Rights, benefits, and obligations of employees and employers,

 
CONTENT

[Federal Register: December 19, 2005 (Volume 70, Number 242)]

[Rules and Regulations]

[Page 75313-75317]

From the Federal Register Online via GPO Access [wais.access.gpo.gov]

[DOCID:fr19de05-22]

DEPARTMENT OF LABOR

Veterans' Employment and Training Service

20 CFR Part 1002

RIN 1293-AA14

Notice of Rights and Duties Under the Uniformed Services Employment and Reemployment Rights Act

AGENCY: Veterans' Employment and Training Service, Department of Labor.

ACTION: Final rule.

SUMMARY: On March 10, 2005, the Veterans' Employment and Training Service (VETS) of the Department of Labor (Department or DOL) issued an interim final rule to implement a requirement of the Veterans Benefits Improvement Act of 2004 (VBIA), Public Law 108-454 (Dec. 10, 2004). The VBIA amended the Uniformed Services Employment and Reemployment Rights Act (USERRA) by adding a requirement that employers provide a notice of the rights, benefits, and obligations of employees and employers under USERRA. The text of this notice was included in the interim final rule, and the Department sought comment on that text. This preamble to the final rule addresses comments received during the comment period. This final rule does not affect the Department's pending proposal to implement USERRA, which was published in the Federal Register of September 20, 2004.

DATES: Effective Date: This rule will be effective on January 18, 2006.

FOR FURTHER INFORMATION CONTACT: For information, contact Mr. Kenan Torrans, Office of Operations and Programs, Veterans' Employment and Training Service (VETS), U.S. Department of Labor, Room S1316, 200 Constitution Ave., NW., Washington, DC 20210. Telephone: 202-693-4731 (this is not a toll-free number). Electronic mail: torrans-william@dol.gov. For press inquiries, contact Michael Biddle, Office of

Public Affairs, U.S. Department of Labor, Room S-1032, 200 Constitution Avenue, NW., Washington, DC 20210. Telephone: 202-693-5051 (this is not a toll-free number). Electronic mail: biddle.michael@dol.gov.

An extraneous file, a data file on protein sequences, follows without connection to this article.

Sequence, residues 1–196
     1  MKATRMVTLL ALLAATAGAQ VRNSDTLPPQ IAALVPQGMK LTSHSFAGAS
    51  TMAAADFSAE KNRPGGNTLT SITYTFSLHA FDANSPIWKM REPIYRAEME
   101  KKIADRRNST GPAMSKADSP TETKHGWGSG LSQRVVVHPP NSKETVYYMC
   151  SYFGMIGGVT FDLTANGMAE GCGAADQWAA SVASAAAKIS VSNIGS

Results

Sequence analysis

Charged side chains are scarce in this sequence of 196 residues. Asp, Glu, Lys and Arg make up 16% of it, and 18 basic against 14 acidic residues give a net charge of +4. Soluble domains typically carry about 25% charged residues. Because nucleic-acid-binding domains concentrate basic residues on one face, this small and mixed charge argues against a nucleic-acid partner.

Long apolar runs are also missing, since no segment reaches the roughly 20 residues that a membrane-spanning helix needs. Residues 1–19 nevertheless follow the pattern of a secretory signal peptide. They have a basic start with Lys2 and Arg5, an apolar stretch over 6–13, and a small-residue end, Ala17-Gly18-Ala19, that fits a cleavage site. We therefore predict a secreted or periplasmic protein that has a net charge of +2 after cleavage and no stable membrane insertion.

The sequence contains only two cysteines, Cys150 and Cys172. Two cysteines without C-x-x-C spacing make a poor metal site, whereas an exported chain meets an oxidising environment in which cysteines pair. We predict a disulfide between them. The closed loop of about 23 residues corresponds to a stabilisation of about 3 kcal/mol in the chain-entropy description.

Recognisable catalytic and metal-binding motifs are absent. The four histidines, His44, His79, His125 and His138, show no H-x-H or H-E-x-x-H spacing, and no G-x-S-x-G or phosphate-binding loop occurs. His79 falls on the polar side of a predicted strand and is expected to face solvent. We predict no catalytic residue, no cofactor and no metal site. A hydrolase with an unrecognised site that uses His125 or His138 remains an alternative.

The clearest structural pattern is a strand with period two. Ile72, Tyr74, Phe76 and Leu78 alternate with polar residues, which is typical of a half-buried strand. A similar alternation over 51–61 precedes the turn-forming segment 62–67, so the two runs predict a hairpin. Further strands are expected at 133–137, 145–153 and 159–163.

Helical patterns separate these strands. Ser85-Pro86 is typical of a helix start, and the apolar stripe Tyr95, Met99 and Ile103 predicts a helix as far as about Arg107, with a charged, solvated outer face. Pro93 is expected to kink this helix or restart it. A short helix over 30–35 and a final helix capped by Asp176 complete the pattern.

Individuals with hearing or speech impairments may access the telephone numbers above via TTY by calling the toll-free Federal Information Relay Service at 1-800-877-8339.

SUPPLEMENTARY INFORMATION:

  1. Background

    The Veterans Benefits Improvement Act of 2004 (VBIA), Public Law 108-454 (Dec. 10, 2004), amended several provisions of the Uniformed Services Employment and Reemployment Rights Act of 1994 (USERRA), 38 U.S.C. 4301-4333. In part, the VBIA imposed a new requirement, codified at 38 U.S.C. 4334, that ``Each employer shall provide to persons entitled to rights and benefits under [USERRA] a notice of the rights, benefits, and obligations of such persons and such employers under

    [USERRA] .'' Employers may provide the notice by posting it where employee notices are customarily placed. However, employers are free to provide the notice to employees in other ways that will minimize costs while ensuring that the full text of the notice is provided (e.g., by handing or mailing out the notice, or distributing the notice via electronic mail).

    The VBIA required the Secretary of Labor to make available to employers the text of the required notice not later than March 10, 2005, ninety days after the enactment of the VBIA. The publication of the interim final rule containing the text of the notice was pursuant to this Congressional mandate. Effective March 10, 2005, the VBIA requires employers to provide the notice ``to persons entitled to rights and benefits'' under USERRA.

    The VBIA also created a demonstration project under which approximately half of the claims against Federal executive agencies arising under USERRA will be transferred by the Department of Labor to the Office of Special Counsel. Section 204(a) of the VBIA directs the ``Secretary of Labor and the Office of Special Counsel [to] carry out a demonstration project under which certain claims against Federal executive agencies under [USERRA] are referred to * * * the Office of Special Counsel for assistance, including investigation and resolution of the claim as well as enforcement of rights with respect to the claim.'' Under this demonstration project, the Secretary of Labor transfers to OSC those cases involving Federal executive agency employees with odd-numbered social security numbers. The demonstration project began on February 8, 2005, and will end on September 30, 2007.

    USERRA provides employment and reemployment rights for members of the uniformed services, including veterans and members of the Reserve and National Guard. Under USERRA, service members who leave their civilian jobs for military service can perform their duties with the knowledge that they will be able to return to their jobs with the same pay, benefits, and status they would have attained had they not been away on duty. USERRA also prohibits employers from discriminating against these individuals in employment because of their military service.